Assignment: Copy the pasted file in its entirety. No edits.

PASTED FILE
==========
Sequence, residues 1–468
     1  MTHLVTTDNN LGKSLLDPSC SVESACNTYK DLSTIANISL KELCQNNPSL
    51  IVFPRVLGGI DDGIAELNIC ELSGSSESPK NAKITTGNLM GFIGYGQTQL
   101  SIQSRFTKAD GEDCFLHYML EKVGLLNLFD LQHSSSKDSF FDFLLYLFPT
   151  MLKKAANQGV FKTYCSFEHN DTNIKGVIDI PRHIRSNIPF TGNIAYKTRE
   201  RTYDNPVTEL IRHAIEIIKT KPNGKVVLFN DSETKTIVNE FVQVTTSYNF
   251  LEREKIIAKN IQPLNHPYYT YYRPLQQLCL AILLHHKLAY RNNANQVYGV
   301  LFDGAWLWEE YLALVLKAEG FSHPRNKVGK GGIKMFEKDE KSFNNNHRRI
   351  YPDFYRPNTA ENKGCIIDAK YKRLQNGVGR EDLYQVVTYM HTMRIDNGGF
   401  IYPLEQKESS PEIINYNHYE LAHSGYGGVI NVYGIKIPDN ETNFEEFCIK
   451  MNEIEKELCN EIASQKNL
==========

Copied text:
Sequence, residues 1–468
     1  MTHLVTTDNN LGKSLLDPSC SVESACNTYK DLSTIANISL KELCQNNPSL
    51  IVFPRVLGGI DDGIAELNIC ELSGSSESPK NAKITTGNLM GFIGYGQTQL
   101  SIQSRFTKAD GEDCFLHYML EKVGLLNLFD LQHSSSKDSF FDFLLYLFPT
   151  MLKKAANQGV FKTYCSFEHN DTNIKGVIDI PRHIRSNIPF TGNIAYKTRE
   201  RTYDNPVTEL IRHAIEIIKT KPNGKVVLFN DSETKTIVNE FVQVTTSYNF
   251  LEREKIIAKN IQPLNHPYYT YYRPLQQLCL AILLHHKLAY RNNANQVYGV
   301  LFDGAWLWEE YLALVLKAEG FSHPRNKVGK GGIKMFEKDE KSFNNNHRRI
   351  YPDFYRPNTA ENKGCIIDAK YKRLQNGVGR EDLYQVVTYM HTMRIDNGGF
   401  IYPLEQKESS PEIINYNHYE LAHSGYGGVI NVYGIKIPDN ETNFEEFCIK
   451  MNEIEKELCN EIASQKNL